There’s no mistaking the new Ford Focus estate (especially when it’s in Race Red), but is it as good as it looks?
Well, it may be a bit bright for some, but perhaps it sums up Ford’s confidence when it comes to the Focus.
Consistently one of Britain’s bestselling cars, there’s no reason to think otherwise after a week in the company of the Titanium X version.
But before I go on, I ought to admit that I’m a bit of a Focus fan, having owned a Mk 1 for years. In fact, we now have a faithful Mk2 sitting on our drive – still acting as our family runabout.
The latest version of the Focus is either a facelifted Mk3 or a Mk4 – take your pick – bringing it into line with the rest of the Ford range with its “Aston” nose.
Yes, the sharper front end is most obvious, along with tweaks to the rear, but it’s the new infotainment system inside that brings the new Focus bang up to date.
And you can’t even see the biggest change of all, because it’s under the bonnet, in the shape of a new 1.5-litre diesel, replacing the old 1.6 TDCi unit.
Refined and with superb grunt, you’d never guess it’s a smaller engine. It also happens to offer better fuel economy lower C02 emissions. Ford has also improved the car’s ride and handling characteristics, while the six-speed manual gearbox is slick and precise.
And of course, being a Titanium X, it’s generously equipped too. My test car has several great-value optional extras, boosting the basic £24,395 to £26,500.
The extras included special 8-spoke alloys and rear privacy glass (£450), plus a Driver Assistance Pack with safety features such as Lane Departure Warning and Auto High Beam (£450).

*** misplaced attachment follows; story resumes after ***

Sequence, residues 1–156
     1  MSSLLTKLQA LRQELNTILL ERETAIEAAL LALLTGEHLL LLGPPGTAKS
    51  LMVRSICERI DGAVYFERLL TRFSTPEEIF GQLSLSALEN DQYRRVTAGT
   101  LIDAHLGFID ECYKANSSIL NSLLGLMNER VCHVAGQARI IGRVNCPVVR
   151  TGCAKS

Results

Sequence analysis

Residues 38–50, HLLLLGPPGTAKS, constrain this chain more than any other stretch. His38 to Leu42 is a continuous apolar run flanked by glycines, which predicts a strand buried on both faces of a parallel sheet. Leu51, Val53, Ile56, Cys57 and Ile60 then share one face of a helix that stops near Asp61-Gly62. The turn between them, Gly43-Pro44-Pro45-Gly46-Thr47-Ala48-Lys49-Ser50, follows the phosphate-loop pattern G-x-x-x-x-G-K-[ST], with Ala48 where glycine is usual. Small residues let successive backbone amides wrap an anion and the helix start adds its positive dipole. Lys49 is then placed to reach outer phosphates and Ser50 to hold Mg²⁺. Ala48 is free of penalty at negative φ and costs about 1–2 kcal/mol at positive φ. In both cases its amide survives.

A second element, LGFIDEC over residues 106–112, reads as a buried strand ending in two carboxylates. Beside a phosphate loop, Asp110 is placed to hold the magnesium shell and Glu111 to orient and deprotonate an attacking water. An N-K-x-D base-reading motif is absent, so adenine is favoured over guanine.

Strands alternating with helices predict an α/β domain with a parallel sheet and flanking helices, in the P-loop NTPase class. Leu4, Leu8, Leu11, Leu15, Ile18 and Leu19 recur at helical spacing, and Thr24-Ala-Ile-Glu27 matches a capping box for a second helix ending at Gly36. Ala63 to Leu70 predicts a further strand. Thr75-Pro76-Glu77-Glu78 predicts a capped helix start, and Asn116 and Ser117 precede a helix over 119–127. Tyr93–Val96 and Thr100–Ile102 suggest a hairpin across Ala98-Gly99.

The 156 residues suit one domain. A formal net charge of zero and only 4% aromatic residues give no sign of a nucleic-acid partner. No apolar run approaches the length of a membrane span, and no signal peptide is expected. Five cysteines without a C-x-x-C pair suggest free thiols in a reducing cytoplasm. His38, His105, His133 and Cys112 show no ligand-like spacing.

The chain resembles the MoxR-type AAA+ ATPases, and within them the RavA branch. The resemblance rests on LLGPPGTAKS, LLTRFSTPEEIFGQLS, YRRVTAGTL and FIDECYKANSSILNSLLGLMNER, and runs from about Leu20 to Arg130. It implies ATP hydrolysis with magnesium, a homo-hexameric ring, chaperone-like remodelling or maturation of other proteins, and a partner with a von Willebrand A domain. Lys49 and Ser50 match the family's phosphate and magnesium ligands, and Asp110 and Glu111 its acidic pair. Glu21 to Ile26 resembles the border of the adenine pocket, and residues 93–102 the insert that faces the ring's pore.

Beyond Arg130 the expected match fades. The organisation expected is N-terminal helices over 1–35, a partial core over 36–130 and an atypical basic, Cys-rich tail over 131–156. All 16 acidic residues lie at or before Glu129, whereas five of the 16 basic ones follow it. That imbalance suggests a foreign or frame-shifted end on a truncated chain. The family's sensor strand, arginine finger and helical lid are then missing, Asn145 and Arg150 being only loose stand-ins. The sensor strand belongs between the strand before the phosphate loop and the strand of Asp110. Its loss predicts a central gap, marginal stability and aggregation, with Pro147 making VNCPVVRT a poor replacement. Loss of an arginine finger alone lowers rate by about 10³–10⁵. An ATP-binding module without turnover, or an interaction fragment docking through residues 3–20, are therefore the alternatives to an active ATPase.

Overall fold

First impressions are excellent. To look at, this is easily the best proportioned Ford Focus estate ever and there’s plenty of kerb appeal (especially if you opt for Race Red!).
Inside, there’s a quality feel with comfy part-leather seats (heated at the front) and goodies aplenty including Ford’s legendary “Quickclear” windscreen, cruise control with speed limiter and Dual Electronic Temperature Control, Traction Control and Emergency Brake Assist.
The biggest improvement over the outgoing model is the new infotainment system dominated by an 8-inch touchscreen incorporating a DAB audio system, rear view camera, superbly simple sat nav and Sync2 with Voice Control. Yes, once you’ve paired up your smartphone (very easy), you can receive calls and choose contacts to make calls via voice commands. You can also control the sat nav, select music and even adjust the climate control.
There’s plenty of space up front and, thanks to more glass and a slightly higher roof on the estate, it seems roomier in the back too. Ford’s also created plenty of cubby holes and storage spaces.
At 476 litres, the boot isn’t as big as some rivals, such as the Skoda Octavia estate and Peugeot 308SW, but I suspect it’s big enough for most and there’s a low lip for easy loading.
The Focus feels livelier, rides well and seems nicely composed, whether you’re in town, on the motorway or tackling country roads. There’s a little road noise, but on the whole, it’s a refined, rewarding drive.
The new 1.5-litre diesel engine produces a decent 118bhp, has a 98g/km C02 rating and is capable of a claimed 74.3mpg. I wouldn’t go that far, but I had no trouble achieving more than 50mpg, which is still very respectable.
Summary: The Ford Focus Estate is better than ever – well equipped, classy, economical and safe. SUVs and MPVs are all very well, but estate cars have never been so good, and the Focus is one of the best.
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